PURPOSE: Critically ill or injured children require prompt identification, rapid referral and quality emergency management. We undertook a study to evaluate the care pathway of critically ill or injured children to identify preventable failures in the care provided. METHODS: A year-long cohort study of critically ill and injured children was performed in Cape Town, South Africa, from first presentation to healthcare services until paediatric intensive care unit (PICU) admission or emergency department death, using expert panel review of medical records and caregiver interview. Main outcomes were expert assessment of overall quality of care; avoidability of severity of illness and PICU admission or death and the identification of modifiable factors. RESULTS: The study enrolled 282 children, 252 emergency PICU admissions, and 30 deaths. Global quality of care was graded good in 10% of cases, with half having at least one major impact modifiable factor. Key modifiable factors related to access to care and identification of the critically ill, assessment of severity, inadequate resuscitation, and delays in decision making and referral. Children were transferred with median time from first presentation to PICU admission of 12.3 hours. There was potentially avoidable severity of illness in 185 (74%) of children, and death prior to PICU admission was avoidable in 17/30 (56.7%) of children. CONCLUSIONS: The study presents a novel methodology, examining quality of care across an entire system, and highlighting the complexity of the pathway and the modifiable events amenable to interventions, that could reduce mortality and morbidity, and optimize utilization of scarce critical care resources; as well as demonstrating the importance of continuity and quality of care.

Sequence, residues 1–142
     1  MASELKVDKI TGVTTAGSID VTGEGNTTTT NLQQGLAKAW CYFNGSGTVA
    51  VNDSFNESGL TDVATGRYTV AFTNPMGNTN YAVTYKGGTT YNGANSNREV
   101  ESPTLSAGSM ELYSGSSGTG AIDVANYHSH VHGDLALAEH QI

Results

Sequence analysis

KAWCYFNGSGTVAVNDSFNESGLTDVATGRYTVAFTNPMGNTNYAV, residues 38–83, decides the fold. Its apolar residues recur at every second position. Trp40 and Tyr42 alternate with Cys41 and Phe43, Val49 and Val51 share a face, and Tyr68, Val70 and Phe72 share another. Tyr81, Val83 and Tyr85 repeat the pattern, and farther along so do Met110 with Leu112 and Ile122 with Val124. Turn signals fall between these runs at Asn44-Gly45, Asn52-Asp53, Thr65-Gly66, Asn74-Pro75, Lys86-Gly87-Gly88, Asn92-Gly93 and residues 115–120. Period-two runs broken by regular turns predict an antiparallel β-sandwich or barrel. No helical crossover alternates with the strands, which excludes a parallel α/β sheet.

Original publication

DOI

10.1371/journal.pone.0145473

Type

Journal article

Journal

PLoS One

Publication Date

2016

Volume

11

Keywords

Child, Child, Preschool, Cohort Studies, Critical Illness, Emergency Service, Hospital, Female, Hospital Mortality, Humans, Infant, Infant, Newborn, Injury Severity Score, Intensive Care Units, Pediatric, Male, Patient Admission, Quality Control, Quality of Health Care, Referral and Consultation, South Africa, Time Factors, Total Quality Management, Wounds and Injuries